Tuesday, October 11, 2011

Little Time Bombs

The ocean offers some answers. Cool water. Swirling sand. Big splashes against rocks. Salty mist. Growing up in Indiana made oceans exotic. I still feel childlike when walking a beach. Venice is a touch chaotic, its boardwalk vaudeville for tourists. But a glance at tall palms soothes me. Head clear. Mind at rest.

Sure as fuck beats that Ann Arbor hotel room. My three week bender about did me in. Hanging on to a life that no longer exists.

My son released me. Penned a letter telling me to go. His basic raising is done. He wants to move to the next stage. This includes his dad getting back into the world. So here I am, getting back into it.

Don't know if I'll ever move to LA, but I could do well here. There are plenty of spaces for me to read in and perform. Gave another reading at Ron Lynch's Tomorrow! Saturday night. Not as vibrant as the last time. Reading a parody of 9/11 manias pretty much silenced the audience. A few chuckles, but mostly stares. Friends told me that the crowd was rapt. Maybe so. I couldn't see past the front row. Read into the harsh stage lights. Dove directly into the seats.

Everyone that night worked the audience. What Barry Crimmins calls re-inflating a leaking beach ball. What's different than most rooms was Ron's reaction. He kept it smart. Didn't surrender to cheap bits. Brought the audience to him. It helped to have Chris Walsh and The Doorknockers on hand. There's no fourth, fifth or sixth wall when these guys perform. Whenever I'm around this kind of energy, I believe in comedy again.

After the show, Chris, Doorknocker Davey Johnson and I had a nice chat about the humor biz. Both are thoughtful, precise. Chris is especially analytical. Onstage he slices metal. Offstage, he's soft spoken. He and brother David are regulars at Upright Citizens Brigade, among other outlets. They are well-regarded in the LA scene. Not an ounce of cynicism or jadedness. Their performances are infectious, odd, funny. Where they'll end up is anyone's guess. But they'll emerge at some point. Sooner than later.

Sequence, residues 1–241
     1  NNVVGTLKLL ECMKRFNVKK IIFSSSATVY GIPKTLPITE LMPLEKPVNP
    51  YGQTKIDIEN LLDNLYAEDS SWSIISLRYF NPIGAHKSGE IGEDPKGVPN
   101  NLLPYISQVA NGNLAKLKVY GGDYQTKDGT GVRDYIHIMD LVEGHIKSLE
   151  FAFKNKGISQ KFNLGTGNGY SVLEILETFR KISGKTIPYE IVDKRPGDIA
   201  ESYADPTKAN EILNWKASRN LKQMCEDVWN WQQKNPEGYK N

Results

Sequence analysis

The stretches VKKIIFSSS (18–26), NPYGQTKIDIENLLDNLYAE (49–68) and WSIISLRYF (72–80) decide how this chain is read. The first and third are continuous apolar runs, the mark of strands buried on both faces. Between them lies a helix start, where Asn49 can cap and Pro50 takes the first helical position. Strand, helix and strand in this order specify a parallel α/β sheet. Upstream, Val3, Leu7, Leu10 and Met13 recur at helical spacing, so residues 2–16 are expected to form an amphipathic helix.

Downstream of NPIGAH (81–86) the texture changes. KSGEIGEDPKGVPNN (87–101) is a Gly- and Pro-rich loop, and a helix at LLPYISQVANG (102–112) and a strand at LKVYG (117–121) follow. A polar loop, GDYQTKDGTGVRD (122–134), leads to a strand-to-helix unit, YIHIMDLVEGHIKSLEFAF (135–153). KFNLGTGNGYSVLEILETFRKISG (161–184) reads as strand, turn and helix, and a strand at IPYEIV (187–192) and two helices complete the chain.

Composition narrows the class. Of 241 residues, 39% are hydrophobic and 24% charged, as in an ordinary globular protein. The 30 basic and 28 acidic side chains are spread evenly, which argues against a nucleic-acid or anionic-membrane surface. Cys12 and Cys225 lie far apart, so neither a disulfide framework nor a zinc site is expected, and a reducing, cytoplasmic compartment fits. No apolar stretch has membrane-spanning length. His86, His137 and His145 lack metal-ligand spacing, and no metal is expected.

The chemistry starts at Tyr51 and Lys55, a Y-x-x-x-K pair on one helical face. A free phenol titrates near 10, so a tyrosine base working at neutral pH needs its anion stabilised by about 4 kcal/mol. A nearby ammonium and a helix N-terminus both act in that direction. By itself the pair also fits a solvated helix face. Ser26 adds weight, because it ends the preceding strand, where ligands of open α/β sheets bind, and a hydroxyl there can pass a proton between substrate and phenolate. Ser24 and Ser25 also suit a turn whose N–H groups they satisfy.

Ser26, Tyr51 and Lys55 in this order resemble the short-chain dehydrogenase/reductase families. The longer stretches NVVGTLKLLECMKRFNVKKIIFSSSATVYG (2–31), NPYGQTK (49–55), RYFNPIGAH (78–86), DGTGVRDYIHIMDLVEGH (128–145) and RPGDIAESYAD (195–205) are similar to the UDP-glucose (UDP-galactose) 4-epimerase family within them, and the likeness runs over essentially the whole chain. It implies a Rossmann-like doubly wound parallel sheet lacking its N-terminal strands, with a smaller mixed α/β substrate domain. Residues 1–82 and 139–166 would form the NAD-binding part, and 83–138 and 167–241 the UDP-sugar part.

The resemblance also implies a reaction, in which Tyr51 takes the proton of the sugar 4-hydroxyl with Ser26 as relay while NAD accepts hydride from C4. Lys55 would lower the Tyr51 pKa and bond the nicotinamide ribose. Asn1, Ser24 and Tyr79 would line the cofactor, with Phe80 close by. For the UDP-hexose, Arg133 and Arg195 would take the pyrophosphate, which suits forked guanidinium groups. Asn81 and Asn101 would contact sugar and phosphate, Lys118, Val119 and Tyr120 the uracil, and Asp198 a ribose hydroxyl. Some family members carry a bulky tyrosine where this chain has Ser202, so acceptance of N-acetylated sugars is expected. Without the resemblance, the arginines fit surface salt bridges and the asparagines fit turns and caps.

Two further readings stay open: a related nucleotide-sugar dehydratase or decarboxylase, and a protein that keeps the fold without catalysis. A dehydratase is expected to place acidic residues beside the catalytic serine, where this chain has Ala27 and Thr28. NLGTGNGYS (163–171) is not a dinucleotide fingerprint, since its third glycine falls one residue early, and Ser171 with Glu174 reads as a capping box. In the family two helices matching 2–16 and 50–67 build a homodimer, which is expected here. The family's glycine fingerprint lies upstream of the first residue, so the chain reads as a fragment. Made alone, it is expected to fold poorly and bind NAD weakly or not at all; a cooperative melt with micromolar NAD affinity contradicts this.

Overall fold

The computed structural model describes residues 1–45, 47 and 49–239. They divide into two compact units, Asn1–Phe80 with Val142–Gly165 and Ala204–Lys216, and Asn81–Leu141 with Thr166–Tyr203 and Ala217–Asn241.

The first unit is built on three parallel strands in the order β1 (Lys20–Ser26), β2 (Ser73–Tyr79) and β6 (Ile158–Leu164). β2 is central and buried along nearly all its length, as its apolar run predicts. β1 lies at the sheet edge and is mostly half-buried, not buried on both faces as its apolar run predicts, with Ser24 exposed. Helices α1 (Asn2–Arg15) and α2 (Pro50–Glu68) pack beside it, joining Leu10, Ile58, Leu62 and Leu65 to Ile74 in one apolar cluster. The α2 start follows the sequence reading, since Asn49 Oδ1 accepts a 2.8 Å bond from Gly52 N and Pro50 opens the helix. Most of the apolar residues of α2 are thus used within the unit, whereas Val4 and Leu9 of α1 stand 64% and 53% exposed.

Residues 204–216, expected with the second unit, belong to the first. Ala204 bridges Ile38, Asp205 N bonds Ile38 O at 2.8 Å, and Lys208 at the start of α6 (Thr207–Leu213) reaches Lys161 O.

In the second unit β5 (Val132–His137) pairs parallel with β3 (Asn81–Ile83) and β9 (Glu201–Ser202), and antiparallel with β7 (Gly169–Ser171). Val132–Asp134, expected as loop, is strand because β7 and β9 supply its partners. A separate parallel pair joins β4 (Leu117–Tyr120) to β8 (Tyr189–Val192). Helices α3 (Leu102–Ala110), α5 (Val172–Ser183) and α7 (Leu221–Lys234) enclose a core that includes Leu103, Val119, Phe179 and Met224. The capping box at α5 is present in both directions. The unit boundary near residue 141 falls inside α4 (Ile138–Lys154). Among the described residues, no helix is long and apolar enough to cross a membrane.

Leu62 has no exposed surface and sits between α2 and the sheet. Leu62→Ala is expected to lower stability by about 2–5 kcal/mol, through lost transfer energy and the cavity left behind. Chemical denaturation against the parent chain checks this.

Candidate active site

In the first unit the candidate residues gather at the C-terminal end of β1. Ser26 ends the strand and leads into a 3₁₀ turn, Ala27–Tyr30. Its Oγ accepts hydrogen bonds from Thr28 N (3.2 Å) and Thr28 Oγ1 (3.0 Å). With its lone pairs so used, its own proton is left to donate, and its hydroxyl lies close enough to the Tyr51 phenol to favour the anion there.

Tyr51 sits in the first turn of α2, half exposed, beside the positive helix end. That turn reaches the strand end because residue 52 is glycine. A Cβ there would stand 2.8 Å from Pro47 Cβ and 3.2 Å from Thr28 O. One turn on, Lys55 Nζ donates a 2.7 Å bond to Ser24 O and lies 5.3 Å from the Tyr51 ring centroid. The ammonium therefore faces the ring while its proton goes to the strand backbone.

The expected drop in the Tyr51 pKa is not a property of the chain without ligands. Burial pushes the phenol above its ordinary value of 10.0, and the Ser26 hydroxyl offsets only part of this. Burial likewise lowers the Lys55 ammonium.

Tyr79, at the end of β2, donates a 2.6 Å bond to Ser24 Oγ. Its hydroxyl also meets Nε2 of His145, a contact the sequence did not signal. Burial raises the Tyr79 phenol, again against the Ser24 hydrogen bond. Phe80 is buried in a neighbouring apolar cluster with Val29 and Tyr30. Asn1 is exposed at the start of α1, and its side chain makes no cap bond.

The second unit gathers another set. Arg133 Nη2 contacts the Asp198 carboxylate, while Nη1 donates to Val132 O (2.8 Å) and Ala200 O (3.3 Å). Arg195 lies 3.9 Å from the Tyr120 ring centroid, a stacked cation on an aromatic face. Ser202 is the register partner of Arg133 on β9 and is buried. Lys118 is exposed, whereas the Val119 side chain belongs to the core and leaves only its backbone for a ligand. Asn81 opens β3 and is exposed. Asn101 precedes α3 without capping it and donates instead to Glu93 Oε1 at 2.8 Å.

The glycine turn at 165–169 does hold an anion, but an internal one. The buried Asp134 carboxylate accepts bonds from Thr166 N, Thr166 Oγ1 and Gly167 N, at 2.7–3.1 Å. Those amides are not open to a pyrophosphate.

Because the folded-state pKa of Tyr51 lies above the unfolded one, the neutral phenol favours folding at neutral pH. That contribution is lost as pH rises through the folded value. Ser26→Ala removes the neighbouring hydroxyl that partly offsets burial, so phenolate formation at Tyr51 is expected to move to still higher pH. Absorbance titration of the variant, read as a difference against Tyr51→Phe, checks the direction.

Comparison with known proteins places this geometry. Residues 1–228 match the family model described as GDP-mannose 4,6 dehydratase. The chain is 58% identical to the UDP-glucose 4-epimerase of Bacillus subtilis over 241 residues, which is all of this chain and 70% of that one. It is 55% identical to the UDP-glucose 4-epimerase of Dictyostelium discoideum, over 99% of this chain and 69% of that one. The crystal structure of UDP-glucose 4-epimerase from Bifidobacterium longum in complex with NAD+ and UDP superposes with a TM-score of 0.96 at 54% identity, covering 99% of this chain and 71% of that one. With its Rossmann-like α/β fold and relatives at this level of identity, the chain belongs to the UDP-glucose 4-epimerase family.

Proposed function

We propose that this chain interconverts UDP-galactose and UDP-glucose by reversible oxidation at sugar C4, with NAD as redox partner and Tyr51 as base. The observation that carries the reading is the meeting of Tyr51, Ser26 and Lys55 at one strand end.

Not that LA is completely inspiring. The entertainment machine is everywhere. You hear its hum when talking to its employees. My friend Eric knows that sound well. A former comic book writer turned screen scribe and script doctor, Eric has stories. Entertaining, horrifying stories. Nothing that would surprise you. Still, it's amazing what people in the business are capable of. What they'll do without blinking.

Over lunch, I said to Eric that at least Hollywood doesn't bomb and occupy other countries. "Not yet," he replied.

Eric reminds me of my old friend Mark. When in LA in my twenties, Mark showed me Hollywood's fringe. Old theaters. Deserted movie lots. Locations where legends worked. Mark's deep knowledge of film history gave these places life.

Eric's similar. After lunch, he pointed in directions where Laurel and Hardy and Buster Keaton filmed. Knew exact locations for each project. Of course then Hollywood was more of a cow town. Laurel and Hardy filmed amid suburbanites driving or walking past their cameras. You can still see those ghosts in shorts like Hog Wild. Going about their business. Walking past giants they didn't see.

Think I'll go walk in their wake. If I spot two guys in baggy pants and derby hats falling off a roof, I'll know to keep walking. Mustn't ruin a take. We all have our places.